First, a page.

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The Carter Center Calls for a Peaceful Resolution of the Stalemate in the Blue Nile Popular Consultations

CONTACTS: Khartoum, Niklas Kabel +249 909 631 620; Atlanta, Deborah Hakes +1 404 420 5124

The Carter Center calls on stakeholders in Blue Nile to use dialogue and inclusive negotiations to solve the current standstill around the popular consultations and to recommit to the spirit of the Comprehensive Peace Agreement (CPA) by reaching a peaceful settlement.

Citizens of Blue Nile have sought to promote peaceful dialogue across party differences through co-organized events for peace and by establishing a joint committee comprising the majority of parties in the state, including both CPA signatories. On July 27, 2011, the joint political committee signed a Declaration of Principles saying "no to war" and calling for efforts to sustain peace in Blue Nile. The Carter Center commends these local reconciliation efforts and urges the political parties at the national level to follow this lead.

The popular consultation process in Blue Nile has stalled following the formal extension of the timeline by the National Assembly on July 20, 2011. Due to differences over the modalities for extending the process, Sudan Peoples Liberation Movement (SPLM) members of the Blue Nile Parliamentary Commission for Popular Consultations have stopped participating in the work of the commission. The implementation of any additional substantive hearings and the report writing has ceased, with important parts of the data analysis yet to be completed.

The main differences revolve around future security arrangements for the state and the modalities for mediation between the Blue Nile state legislative assembly and the Government of Sudan in the event that changes to the CPA are deemed necessary. According to the Popular Consultation Act, the Council of States is to be the formal mediation mechanism. However, the secession of the 10 states in Southern Sudan has significantly changed the composition of the council.

The Carter Center encourages the parties to the popular consultations to deal with these issues in an inclusive manner, taking into account the diversity and will of the people of Blue Nile as communicated through the citizen hearings and the different political parties in the state. The main objective should be to avoid a relapse into war and its potential deadly consequences for civilians.

The Government of Sudan's (GoS) declaration of a truce in Southern Kordofan is a positive step, but to be successful a ceasefire will need to be fully implemented and respected by both parties to the conflict in order to promote peaceful negotiations and a permanent cessation of hostilities. Although similar steps to the Blue Nile popular consultations process are mandated in Southern Kordofan, the main immediate focus of the adversaries should be to allow for humanitarian assistance. Popular consultations should commence when conditions allow in order for the people of the state to be heard and taken into account in negotiations with the GoS about the future status of Southern Kordofan in Sudan. The crisis in Southern Kordofan should serve as a lesson of the potentially devastating consequences if dialogue is abandoned and military means utilized.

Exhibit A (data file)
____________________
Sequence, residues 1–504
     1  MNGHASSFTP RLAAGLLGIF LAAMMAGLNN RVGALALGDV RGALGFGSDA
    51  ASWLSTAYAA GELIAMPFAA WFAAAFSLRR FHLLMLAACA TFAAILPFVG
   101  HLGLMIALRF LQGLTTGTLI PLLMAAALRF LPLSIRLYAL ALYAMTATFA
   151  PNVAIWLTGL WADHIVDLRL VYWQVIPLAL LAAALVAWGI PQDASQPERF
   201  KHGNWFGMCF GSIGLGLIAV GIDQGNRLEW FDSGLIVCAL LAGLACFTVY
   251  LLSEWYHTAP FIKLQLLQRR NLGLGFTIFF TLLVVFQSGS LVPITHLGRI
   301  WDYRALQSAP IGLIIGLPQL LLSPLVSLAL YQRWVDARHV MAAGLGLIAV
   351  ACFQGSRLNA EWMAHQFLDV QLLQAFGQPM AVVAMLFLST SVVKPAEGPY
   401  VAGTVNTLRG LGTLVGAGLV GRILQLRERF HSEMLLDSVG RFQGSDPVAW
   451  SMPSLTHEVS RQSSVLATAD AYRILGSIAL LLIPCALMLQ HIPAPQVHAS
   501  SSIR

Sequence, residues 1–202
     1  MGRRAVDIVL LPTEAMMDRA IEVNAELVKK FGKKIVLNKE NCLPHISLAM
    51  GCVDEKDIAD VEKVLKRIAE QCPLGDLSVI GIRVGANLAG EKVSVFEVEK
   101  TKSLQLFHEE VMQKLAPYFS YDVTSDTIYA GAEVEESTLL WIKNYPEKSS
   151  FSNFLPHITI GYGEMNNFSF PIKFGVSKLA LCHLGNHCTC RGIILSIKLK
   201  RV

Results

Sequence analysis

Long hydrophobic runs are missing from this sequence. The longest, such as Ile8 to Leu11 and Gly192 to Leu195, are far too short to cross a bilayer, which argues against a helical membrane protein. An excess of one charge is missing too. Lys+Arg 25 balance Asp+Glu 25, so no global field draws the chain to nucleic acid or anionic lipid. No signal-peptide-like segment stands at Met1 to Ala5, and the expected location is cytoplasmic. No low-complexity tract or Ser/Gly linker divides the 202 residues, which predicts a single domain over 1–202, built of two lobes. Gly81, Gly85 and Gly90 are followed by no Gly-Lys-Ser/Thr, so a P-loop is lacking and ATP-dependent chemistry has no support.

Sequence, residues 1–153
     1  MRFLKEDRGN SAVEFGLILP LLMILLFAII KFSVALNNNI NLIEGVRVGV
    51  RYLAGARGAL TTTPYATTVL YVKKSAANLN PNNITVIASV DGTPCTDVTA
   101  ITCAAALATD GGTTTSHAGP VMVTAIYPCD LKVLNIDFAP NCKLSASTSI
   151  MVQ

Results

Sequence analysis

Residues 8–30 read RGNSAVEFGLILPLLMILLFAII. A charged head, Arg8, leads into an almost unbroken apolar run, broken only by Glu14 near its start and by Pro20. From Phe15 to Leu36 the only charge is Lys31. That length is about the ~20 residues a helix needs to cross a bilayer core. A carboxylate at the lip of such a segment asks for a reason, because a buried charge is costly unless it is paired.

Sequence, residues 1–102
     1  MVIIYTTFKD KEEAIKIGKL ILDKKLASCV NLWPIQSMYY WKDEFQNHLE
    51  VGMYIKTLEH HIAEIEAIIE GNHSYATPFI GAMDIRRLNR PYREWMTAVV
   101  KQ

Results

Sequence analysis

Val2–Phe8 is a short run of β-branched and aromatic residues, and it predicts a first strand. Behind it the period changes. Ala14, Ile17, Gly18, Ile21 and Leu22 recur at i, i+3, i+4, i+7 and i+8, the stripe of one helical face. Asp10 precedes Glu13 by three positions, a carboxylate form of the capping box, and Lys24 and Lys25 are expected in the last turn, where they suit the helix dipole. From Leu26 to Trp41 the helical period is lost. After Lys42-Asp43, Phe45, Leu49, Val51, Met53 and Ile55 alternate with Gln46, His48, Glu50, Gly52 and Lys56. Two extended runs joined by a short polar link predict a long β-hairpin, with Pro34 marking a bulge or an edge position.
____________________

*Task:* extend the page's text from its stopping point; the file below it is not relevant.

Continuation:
Background on the Carter Center Mission

The Carter Center's Democracy Program has been present in Sudan since February 2008. This mission observed the April 2010 general and presidential elections, the Southern Sudan referendum in January 2011, and the Southern Kordofan legislative and gubernatorial elections in May 2011. The Center was invited by the Blue Nile Popular Consultation Commission to observe the process in the state and has deployed long-term observers in Blue Nile since October 2010 and maintained a team of analysts in Khartoum. This statement documents the data entry and report writing processes, as well as the rescheduled hearings in Kadalu and Bau constituencies. The Center released a report on March 21 covering the January to February citizen hearings, which is available at

The Center's observation mission is conducted in accordance with the Declaration of Principles for International Election Observation and Code of Conduct that was adopted at the United Nations in 2005 and has been endorsed by 37 election observation groups. The Center assesses the process against the CPA, the Popular Consultation Act of 2010, and other international legal instruments to which Sudan has acceded.


The Carter Center was founded in 1982 by former U.S. President Jimmy Carter and his wife, Rosalynn, in partnership with Emory University, to advance peace and health worldwide. A not-for-profit, nongovernmental organization, the Center has helped improve life for people in more than 70 countries by resolving conflicts; advancing democracy, human rights, and economic opportunity; preventing diseases; improving mental health care; and teaching farmers to increase crop production. The Carter Center began working in Sudan in 1986 on the Sasakawa-Global 2000 agricultural project, and for more than 20 years, its health and peace programs have focused on improving health and preventing and resolving conflicts in Sudan. Please visit to learn more about The Carter Center.

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